For myself, I have the blessing of having had some preparation for this exclusion.  I spent several years away from the Church dealing with the many things I hate about it, and I missed it terribly the whole time. From that experience I came to see that longing is in itself a kind of participation of a sort I can't be excluded from. I also can also take my excommunication as an offering in the Church's ongoing effort to understand what's true.  Progress in that realm seldom happens overnight, and I take to be a worthwhile thing to bear witness to the point of being excluded from the Church. That would also be in itself a kind of participation.

            But the main source of happiness comes from my knowledge that it's impossible to take away the experience of my life in Christ as I've tried to express it above or to eradicate my participation in it. I can be excluded from the Church's sacramental life, but no one can take from me the experience of the encounter.  I can't be set in another direction by anyone but myself.  I suspect that exclusion from the sacraments would make this feeling only stronger.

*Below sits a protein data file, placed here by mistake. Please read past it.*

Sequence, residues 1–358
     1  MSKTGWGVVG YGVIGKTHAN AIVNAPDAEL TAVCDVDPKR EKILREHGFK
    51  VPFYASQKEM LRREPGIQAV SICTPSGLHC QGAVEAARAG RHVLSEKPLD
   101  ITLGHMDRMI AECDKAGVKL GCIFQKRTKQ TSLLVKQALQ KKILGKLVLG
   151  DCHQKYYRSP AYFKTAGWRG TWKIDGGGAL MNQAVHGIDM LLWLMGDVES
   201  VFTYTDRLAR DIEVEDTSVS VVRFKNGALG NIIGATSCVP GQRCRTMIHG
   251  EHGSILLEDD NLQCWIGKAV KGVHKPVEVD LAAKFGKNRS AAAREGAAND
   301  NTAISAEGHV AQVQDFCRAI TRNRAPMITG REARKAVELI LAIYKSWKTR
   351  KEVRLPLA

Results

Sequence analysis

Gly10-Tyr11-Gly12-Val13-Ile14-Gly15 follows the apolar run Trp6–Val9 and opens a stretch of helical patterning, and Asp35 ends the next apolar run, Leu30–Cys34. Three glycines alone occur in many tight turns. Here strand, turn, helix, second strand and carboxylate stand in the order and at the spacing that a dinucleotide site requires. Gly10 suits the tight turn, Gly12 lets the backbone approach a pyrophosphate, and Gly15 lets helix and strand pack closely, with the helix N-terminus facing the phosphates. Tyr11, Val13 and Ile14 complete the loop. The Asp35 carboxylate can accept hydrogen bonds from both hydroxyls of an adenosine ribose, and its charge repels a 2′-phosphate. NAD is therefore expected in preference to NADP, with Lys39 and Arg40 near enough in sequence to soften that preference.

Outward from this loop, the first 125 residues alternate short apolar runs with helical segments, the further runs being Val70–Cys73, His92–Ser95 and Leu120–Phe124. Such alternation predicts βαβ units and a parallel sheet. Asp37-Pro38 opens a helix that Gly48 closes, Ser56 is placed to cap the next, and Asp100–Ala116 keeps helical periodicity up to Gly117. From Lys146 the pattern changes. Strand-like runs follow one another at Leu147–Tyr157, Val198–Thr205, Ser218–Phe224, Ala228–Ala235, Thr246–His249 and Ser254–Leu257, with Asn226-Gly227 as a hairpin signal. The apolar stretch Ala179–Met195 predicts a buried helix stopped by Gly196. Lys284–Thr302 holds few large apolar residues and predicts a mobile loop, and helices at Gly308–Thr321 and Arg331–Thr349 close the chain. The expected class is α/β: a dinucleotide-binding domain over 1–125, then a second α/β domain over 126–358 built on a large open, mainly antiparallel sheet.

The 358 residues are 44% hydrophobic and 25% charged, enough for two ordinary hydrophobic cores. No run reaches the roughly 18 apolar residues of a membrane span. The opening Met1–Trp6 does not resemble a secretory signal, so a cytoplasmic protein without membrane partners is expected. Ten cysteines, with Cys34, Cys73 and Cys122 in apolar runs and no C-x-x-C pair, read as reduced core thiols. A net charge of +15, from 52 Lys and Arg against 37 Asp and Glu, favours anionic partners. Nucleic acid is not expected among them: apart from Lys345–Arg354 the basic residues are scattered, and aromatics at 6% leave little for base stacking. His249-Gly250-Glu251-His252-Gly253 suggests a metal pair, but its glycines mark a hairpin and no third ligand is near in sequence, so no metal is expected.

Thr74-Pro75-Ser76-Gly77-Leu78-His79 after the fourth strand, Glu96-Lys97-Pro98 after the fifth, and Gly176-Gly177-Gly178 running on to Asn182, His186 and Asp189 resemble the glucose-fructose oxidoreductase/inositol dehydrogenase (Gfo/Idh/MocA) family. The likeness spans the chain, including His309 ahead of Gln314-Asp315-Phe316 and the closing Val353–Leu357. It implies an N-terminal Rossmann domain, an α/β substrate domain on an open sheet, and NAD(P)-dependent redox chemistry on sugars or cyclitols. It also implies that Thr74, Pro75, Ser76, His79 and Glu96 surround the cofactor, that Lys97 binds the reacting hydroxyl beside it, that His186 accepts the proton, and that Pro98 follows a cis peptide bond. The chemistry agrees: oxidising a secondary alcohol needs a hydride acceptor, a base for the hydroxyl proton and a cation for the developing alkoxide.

For the most important thing I seem to have discovered in this life in Christ is that it happens eternally right now: the way to God is open before me at every moment. The truth Christians identify with the person of Christ is experienced with great and subtle power in the Church's teaching and  its sacraments, but it is in no way limited to them. It’s right here in this moment, in this cafe, as I sit drinking  coffee and typing these words on my laptop. Christ is inexhaustible, and, once you've gotten the most gracious hint, unavoidable. All I have to do is split a piece of wood, lift up a rock, or return the waitress's smile as she pours a refill.

            There's nothing to worry about.





1. Translated from the Coptic by Marvin Meyer, from his Gnostic Bible (Boston: New Seeds, 2009).

2. 1 Corinthians 10:4.

3. Franz Pfieffer, trans. Meister Eckhart (London: John M. Watkins, 1956).

4. For anyone reading this who doesn't know me, the reason for my excommunication would be the fact that I am gay and in a relationship with a man, for which I have not to date repented. Details of how I came to be in this position in conflict with what is said by many to be the church's teachings will have to be left for another essay. As aspiration to truth compels me to always hold in my heart the possibility that God will reveal to me I am wrong in this, and that I'm suffering from willful self-delusion on the matter, though that hasn't happened yet.